Review by David Baldwin for Mr. Will Wong
There is a long-standing urban legend that audience members fled their seats in terror during the premiere of the Lumière Brothers’ The Arrival of a Train. The train in the revolutionary 1896 Short Film came right at the screen and the audience feared it would run them over. The rumour has since been debunked, and our understanding of Film as a medium has grown substantially since. But 121-years later, I watched people’s fearful reactions watching Dunkirk and could swear they felt like they were in just as much danger as the cast is on-screen.
The story of the evacuation of the titular town is extraordinary to say the least – but Director Christopher Nolan chooses to only tell portions of it through different timelines and points of view. The action jumps rapidly between the army troops waiting to be rescued on the beach, the British sailors called in to assist with the rescue and the pilots fighting in the air. It is an interesting experiment (akin to the overlapping structure of his brilliant work in Inception), and one that keeps the central rescue goal at the forefront at all times. The timelines do eventually merge together during the Film’s Third Act, but not quite as cohesively as I would have hoped given the wild variances in timing.
I mention all of this because Dunkirk has very little story and sparingly few lines of dialogue. The cast are all effective in their roles (including Nolan regulars Tom Hardy and Cillian Murphy, Oscar-winner Mark Rylance, Oscar-nominee Kenneth Branagh and former One Directioner Harry Styles), but you are never given any real insight into who any of these characters are or what has brought them to this point. They are barely given proper names. Barry Keoghan’s George is given some minor depth, but it practically gets in the way of Lee Smith’s tightly-wound editing. The central goal of rescuing the troops stuck at Dunkirk is the crux of the entire Film from the very beginning – and Nolan never affords any time to slow down to develop his characters properly.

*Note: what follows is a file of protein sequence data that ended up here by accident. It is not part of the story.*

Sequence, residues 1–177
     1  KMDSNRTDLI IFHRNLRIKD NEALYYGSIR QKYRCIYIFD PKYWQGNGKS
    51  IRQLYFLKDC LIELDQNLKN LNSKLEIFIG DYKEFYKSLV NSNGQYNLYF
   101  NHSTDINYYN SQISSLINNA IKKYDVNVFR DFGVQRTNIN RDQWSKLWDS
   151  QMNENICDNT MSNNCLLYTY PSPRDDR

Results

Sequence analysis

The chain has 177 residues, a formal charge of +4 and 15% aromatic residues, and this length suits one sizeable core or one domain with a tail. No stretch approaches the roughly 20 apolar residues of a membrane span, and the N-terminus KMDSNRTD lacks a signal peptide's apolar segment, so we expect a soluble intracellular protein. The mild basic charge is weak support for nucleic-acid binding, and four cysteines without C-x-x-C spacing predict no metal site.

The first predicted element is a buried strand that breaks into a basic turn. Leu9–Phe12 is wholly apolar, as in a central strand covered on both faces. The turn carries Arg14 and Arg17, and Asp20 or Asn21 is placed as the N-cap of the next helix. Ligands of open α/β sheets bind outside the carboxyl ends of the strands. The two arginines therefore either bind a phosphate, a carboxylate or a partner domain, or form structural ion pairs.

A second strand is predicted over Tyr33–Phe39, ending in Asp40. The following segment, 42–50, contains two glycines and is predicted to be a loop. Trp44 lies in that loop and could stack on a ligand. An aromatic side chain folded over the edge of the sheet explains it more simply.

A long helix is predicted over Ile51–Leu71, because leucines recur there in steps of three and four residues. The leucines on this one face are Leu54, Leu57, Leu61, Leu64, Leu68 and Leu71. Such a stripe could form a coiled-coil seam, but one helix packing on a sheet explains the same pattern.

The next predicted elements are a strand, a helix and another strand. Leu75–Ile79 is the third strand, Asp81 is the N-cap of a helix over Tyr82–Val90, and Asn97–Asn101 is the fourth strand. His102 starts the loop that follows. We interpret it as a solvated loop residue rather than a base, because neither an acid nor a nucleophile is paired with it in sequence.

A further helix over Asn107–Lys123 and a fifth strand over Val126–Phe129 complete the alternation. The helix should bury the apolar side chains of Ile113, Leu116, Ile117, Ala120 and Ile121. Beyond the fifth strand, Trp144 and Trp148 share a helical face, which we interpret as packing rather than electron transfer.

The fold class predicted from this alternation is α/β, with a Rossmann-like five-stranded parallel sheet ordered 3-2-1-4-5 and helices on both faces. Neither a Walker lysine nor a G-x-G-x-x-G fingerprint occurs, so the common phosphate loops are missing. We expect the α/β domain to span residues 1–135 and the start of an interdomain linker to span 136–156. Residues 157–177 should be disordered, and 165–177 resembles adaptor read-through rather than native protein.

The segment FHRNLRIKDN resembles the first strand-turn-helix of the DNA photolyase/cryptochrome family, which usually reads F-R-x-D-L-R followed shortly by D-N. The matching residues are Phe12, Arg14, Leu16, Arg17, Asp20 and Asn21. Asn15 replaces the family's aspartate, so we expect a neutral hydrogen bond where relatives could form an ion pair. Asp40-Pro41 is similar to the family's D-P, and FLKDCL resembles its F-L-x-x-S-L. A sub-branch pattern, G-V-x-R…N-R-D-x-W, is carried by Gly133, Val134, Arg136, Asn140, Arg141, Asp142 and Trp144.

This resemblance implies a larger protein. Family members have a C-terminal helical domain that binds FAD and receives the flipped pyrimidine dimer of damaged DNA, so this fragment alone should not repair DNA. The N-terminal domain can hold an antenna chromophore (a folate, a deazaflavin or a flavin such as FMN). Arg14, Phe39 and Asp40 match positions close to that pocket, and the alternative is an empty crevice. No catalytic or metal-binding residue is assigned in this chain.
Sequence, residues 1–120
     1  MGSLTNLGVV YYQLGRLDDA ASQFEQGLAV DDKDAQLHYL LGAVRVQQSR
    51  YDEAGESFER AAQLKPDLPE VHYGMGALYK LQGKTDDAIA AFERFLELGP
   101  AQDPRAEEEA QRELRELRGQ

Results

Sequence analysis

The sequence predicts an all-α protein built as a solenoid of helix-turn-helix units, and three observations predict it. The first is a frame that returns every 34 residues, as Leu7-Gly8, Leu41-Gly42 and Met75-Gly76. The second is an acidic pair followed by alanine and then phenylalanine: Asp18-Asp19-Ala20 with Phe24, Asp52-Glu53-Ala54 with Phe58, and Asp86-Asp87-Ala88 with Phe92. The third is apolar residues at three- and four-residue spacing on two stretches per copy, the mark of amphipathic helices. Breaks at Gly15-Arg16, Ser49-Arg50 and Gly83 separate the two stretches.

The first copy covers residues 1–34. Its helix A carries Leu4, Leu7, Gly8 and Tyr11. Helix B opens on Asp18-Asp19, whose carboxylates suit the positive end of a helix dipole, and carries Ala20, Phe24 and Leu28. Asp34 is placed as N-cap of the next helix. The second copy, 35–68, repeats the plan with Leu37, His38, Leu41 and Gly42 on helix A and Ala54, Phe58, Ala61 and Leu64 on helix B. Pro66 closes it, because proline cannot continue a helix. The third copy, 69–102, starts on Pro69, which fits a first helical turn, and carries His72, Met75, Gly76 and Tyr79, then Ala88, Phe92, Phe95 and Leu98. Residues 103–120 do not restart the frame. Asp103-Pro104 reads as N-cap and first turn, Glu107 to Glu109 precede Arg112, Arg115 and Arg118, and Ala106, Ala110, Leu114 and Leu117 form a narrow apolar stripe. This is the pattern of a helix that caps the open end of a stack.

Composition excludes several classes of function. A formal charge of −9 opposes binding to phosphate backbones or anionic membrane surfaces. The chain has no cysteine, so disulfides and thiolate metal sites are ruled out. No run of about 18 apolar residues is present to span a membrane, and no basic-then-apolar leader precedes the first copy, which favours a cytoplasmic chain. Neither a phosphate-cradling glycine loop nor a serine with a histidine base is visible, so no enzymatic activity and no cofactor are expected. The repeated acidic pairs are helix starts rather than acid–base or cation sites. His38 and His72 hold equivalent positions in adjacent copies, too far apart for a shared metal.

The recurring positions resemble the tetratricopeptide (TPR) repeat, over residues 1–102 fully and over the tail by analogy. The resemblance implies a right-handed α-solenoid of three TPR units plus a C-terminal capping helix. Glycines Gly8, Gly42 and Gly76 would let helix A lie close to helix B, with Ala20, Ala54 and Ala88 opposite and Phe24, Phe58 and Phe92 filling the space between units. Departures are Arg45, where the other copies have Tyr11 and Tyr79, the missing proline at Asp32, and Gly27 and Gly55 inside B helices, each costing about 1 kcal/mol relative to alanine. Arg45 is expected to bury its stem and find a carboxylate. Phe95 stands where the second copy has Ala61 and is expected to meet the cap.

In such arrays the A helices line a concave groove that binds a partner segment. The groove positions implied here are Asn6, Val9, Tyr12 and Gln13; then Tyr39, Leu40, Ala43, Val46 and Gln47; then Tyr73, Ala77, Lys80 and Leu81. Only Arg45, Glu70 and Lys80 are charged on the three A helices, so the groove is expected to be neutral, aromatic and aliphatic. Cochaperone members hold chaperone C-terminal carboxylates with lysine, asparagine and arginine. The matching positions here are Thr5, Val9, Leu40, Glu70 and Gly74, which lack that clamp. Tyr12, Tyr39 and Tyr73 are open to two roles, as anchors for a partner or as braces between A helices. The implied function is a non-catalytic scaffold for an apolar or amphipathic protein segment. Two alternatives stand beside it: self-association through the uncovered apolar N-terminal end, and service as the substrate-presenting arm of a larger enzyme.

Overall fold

Instead, this 106-minute blockbuster – Nolan’s shortest in nearly two decades – becomes an experimental exercise in tension and intensity. I held my breath through most of the Film, completely unsure of what obstacle he was going to throw at his cast next. Nolan ratchets-up the suspense moment by moment, aided by Hans Zimmer’s unbelievable heart-pounding, ticking clock score, and creates the most purely cinematic experience since Avatar. This may seem outlandish, but I cannot remember the last time I watched a Film that begged to be seen on the biggest and loudest screen physically possible. The action and wartime horror he captures are simply spectacular, and the Sound Design is so detailed and authentic that I continually needed to check my surroundings to prove I was still in a theatre. IMAX cameras have become more mobile in the nine years since The Dark Knight – to the point where the camera almost feels like its own character. The fact that so much of the Film was shot practically adds to just how stunning Dunkirk is to watch, and further cements Nolan’s work as game-changing.
Dunkirk is cinema in its purest form. It is an experience that begs to be seen on a large format IMAX screen (preferably 70mm if possible), and one that will not be easily replicated at home. Nolan has been a longtime proponent of Film and Cinema, and Dunkirk is his most ambitious and most accomplished Film to date. It may lack story and depth, but do not let that dissuade you. This is one of the best blockbusters of the summer, and is an incredible piece of cinematic spectacle that we will be talking about for years to come. This summer has been a bit of a mixed bag Film wise, but now we know why: we were all waiting to see Dunkirk.
Warner Bros. Pictures Canada release DUNKIRK Friday, July 21, 2017.